With Dixon, at a trade show I got to play around 20 of the same model in the same key (High D) and there was variation from whistle to whistle, a similar range to that of the MK.

With Generation, I've tried hundreds over the last 40 years, and they've varied tremendously. Most telling was trying a new box of 24 High Ds straight from the factory, a snapshot of Generation's apparent lack of QA.

I'm reminded of an old band-mate who worked at a guitar shop back in the 1980s which carried $100 Yamaha acoustic guitars. "I try every one that goes through the shop" he explained. "I reckon that sooner or later they'll screw up and make a great one."

They did. He bought it.

_________________
Richard Cook
1978 Quinn uilleann pipes
1945 Starck Highland pipes
Goldie Low D whistle


Top
 Profile  
Reply with quote  
 
PostPosted: Sun Dec 15, 2019 8:15 pm 
Offline
User avatar

Joined: Mon Jul 10, 2006 7:25 am
Posts: 4671
Location: WV to the OC
arthury wrote:
CNC machined... I guess the market is not large enough for such a company...artisan style production is frustrating to the consumer who is looking for a product that is consistently manufactured.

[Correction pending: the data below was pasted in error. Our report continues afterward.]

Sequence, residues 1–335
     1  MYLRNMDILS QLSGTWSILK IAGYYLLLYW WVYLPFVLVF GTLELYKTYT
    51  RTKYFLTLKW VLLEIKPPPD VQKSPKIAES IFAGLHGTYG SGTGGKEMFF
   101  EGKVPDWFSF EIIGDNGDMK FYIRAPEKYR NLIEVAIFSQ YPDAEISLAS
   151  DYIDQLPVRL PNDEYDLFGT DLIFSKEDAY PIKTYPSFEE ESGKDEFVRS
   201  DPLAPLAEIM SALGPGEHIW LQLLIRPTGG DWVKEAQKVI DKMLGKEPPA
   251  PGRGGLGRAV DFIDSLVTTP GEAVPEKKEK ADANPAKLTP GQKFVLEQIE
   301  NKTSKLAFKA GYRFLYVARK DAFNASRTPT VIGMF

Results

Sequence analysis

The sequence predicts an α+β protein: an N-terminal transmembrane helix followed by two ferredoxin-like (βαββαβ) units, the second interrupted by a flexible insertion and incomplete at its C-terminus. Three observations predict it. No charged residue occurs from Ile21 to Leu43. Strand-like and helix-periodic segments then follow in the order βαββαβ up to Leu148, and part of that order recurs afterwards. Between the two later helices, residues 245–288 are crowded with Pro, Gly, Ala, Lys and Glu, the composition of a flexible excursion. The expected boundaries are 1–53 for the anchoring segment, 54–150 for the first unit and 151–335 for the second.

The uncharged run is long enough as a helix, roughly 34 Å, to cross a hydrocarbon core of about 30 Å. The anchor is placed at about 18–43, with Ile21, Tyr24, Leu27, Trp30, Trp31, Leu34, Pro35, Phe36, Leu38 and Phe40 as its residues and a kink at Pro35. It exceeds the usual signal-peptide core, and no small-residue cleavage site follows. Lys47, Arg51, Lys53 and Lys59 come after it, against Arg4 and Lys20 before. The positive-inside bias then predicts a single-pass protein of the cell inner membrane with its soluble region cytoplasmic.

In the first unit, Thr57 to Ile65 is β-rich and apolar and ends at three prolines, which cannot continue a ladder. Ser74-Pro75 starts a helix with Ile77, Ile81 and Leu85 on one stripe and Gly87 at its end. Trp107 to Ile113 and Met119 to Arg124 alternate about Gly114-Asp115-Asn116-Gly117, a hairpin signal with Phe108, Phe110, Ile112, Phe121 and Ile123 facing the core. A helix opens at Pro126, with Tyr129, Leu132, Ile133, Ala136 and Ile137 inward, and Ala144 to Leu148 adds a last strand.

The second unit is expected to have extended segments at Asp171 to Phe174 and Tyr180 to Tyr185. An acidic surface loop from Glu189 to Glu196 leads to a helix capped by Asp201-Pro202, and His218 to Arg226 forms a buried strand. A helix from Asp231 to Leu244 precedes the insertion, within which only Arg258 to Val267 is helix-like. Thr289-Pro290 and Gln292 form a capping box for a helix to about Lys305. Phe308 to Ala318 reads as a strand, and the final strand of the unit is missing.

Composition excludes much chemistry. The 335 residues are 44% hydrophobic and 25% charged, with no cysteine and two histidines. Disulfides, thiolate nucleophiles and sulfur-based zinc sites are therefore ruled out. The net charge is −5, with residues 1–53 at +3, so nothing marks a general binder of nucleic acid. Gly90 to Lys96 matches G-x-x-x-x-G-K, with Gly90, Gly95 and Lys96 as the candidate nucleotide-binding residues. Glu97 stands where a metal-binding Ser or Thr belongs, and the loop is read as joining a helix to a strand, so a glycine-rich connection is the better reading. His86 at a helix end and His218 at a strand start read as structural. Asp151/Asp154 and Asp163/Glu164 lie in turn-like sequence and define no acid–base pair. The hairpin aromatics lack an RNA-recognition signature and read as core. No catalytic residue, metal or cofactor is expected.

I haven't heard much about it in the whistle community, but in the Highland bagpipe community the use of CNC lathes is an ongoing controversy.

What happened was that a new maker came along with the new CNC technology and started making as many instruments in a week as the oldfashioned handmade one-man-operations were making in a year.

My opinion is that whether it's hand turned or CNC turned a bagpipe is only as good as the specs. There are old-school makers using poor specs, while the big CNC maker is using pretty good specs.

_________________
Richard Cook
1978 Quinn uilleann pipes
1945 Starck Highland pipes
Goldie Low D whistle


Top
 Profile  
Reply with quote  
 
PostPosted: Mon Dec 16, 2019 3:49 am 
Offline

Joined: Mon Aug 14, 2017 5:47 am